Chapter 18 of Harry Potter and the Half-Blood Prince: Birthday Surprises
Harry confides to both Hermione and Ron about Dumbledore's task to retrieve Slughorn's memory. Meanwhile, Slughorn has the Potions class brew an antidote for different poisons. Harry's textbook provides little assistance until, with only a few minutes left, he finds a scrawled note in it, "Just shove a Bezoar down their throats." Harry also remembers Snape once saying that a Bezoar (a stone from a goat's stomach) will protect against most poisons. Finding a Bezoar in the cabinet, Harry holds it up to Slughorn. Amused, yet impressed, Slughorn says Harry thinks like his mother. Harry lingers after class and asks Slughorn about Horcruxes. Realizing what Harry is attempting, Slughorn insists there was nothing more to the memory that he gave Dumbledore, and departs hurriedly.
Students sit their first Apparition training in early February. During the session, Harry eavesdrops on Malfoy and Crabbe. Crabbe seems upset that he has to guard Malfoy while he is doing something. After several attempts, only Susan Bones successfully Apparates, but splinches herself, leaving a leg behind.
After overhearing Malfoy and Crabbe's conversation, Harry resolves to track Draco's movements on the Marauder's Map. Over the next several weeks, he watches Crabbe and Goyle moving around the castle more than usual, sometimes standing in an empty hall. Harry is often unable to locate Malfoy on the map and considers that he is actually leaving the school, but dismisses this due to Hogwarts' increased security.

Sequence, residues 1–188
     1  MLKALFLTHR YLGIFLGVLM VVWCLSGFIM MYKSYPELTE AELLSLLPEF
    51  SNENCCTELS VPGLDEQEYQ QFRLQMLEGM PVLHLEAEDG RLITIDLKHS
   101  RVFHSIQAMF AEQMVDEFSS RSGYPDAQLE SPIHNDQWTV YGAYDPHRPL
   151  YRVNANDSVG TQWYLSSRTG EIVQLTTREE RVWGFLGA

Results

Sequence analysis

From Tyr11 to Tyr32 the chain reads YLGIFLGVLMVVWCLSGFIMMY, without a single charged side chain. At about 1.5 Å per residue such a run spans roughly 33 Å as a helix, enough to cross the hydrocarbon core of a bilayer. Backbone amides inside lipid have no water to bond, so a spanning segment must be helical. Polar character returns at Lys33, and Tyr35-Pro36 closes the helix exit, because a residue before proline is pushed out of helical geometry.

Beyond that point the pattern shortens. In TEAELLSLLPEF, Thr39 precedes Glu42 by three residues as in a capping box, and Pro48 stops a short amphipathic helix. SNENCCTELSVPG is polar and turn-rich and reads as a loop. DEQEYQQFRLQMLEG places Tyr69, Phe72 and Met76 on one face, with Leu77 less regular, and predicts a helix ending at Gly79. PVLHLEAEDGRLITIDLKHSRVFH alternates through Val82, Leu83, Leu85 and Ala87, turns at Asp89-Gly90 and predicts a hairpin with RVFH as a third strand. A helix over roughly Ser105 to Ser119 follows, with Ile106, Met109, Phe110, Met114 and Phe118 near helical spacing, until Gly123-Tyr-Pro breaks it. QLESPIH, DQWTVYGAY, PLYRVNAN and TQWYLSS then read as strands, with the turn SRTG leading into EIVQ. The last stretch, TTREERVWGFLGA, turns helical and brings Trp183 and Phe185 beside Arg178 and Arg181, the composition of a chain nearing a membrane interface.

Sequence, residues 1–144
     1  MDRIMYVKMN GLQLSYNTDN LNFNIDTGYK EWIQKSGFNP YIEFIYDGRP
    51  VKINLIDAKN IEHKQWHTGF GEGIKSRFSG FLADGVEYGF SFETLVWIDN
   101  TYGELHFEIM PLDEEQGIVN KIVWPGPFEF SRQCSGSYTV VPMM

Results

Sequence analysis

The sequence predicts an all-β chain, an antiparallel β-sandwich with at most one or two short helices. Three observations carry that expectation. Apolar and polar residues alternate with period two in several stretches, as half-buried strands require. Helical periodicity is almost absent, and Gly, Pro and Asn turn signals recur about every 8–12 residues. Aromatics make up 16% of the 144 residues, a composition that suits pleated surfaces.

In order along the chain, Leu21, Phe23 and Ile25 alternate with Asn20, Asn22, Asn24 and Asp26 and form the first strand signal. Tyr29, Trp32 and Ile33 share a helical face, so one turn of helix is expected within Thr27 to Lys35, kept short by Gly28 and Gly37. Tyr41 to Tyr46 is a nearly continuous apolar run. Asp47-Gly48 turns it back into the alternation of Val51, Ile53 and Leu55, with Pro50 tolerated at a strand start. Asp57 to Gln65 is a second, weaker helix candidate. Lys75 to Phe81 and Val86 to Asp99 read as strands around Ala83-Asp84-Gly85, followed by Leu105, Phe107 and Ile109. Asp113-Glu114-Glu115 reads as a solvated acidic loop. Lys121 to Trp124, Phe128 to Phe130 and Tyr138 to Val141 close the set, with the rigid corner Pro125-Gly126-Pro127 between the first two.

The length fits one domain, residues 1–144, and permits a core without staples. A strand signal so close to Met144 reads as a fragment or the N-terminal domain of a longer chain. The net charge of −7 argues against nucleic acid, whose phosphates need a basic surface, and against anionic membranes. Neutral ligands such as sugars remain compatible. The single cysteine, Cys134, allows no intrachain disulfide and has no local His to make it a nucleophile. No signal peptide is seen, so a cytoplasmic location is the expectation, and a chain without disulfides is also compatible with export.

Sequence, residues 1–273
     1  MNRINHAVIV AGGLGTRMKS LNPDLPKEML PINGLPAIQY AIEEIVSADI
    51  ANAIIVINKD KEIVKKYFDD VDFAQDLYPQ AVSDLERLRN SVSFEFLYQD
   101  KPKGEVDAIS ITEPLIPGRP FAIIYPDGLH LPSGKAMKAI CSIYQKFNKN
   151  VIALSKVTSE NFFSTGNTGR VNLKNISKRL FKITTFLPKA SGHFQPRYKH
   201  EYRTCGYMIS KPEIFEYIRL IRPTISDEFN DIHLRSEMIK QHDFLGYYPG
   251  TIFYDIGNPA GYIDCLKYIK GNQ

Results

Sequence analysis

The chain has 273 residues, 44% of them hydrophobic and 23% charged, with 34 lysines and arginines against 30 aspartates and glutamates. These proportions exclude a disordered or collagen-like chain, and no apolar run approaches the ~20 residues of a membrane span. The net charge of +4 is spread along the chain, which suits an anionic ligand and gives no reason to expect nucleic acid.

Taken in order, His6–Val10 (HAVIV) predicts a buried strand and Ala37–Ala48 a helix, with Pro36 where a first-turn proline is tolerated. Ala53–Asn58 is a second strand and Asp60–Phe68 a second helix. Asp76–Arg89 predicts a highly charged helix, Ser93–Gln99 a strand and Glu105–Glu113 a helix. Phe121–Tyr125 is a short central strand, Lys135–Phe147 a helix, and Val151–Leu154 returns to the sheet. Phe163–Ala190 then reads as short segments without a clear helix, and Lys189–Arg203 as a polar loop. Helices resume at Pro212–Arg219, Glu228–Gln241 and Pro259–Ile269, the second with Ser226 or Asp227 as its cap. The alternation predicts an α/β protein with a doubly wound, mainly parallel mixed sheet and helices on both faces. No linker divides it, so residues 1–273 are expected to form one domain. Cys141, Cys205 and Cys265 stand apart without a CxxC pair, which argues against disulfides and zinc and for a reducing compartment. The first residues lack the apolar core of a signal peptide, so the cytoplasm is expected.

On his birthday, Ron eats several of the chocolates that Romilda Vane gave Harry. When Ron becomes dreamy over her, Harry realizes the candies were spiked with Love Potion and takes him to Slughorn. En route, they bump into Lavender, and Ron excitedly announces that Harry is taking him to Romilda. Slughorn administers an antidote, then decides they should toast Ron's birthday. Slughorn opens a bottle of mead he intended as a present for Dumbledore. After taking a sip, it quickly becomes obvious Ron has been poisoned. When Slughorn is slow to react, Harry finds the Bezoar in Slughorn's bag, and forces it down Ron's throat.
Obtaining Slughorn's complete memory is more difficult than Harry realized. Slughorn knows Dumbledore wants this information, and, for whatever reason, he refuses to share it, and now carefully avoids being caught alone with Harry. It is apparent that Slughorn will never willingly yield this memory, and Harry must devise a more clever plan if he hopes to retrieve it.
Harry grows more obsessed with discovering Draco's secret and continually watches him on the Marauder's Map, though he is unable to figure out why Draco's name occasionally disappears. That no one else seems concerned about Draco's suspicious activities further frustrates Harry, and he needs some other means to trail him, if he is to discover what Draco is doing.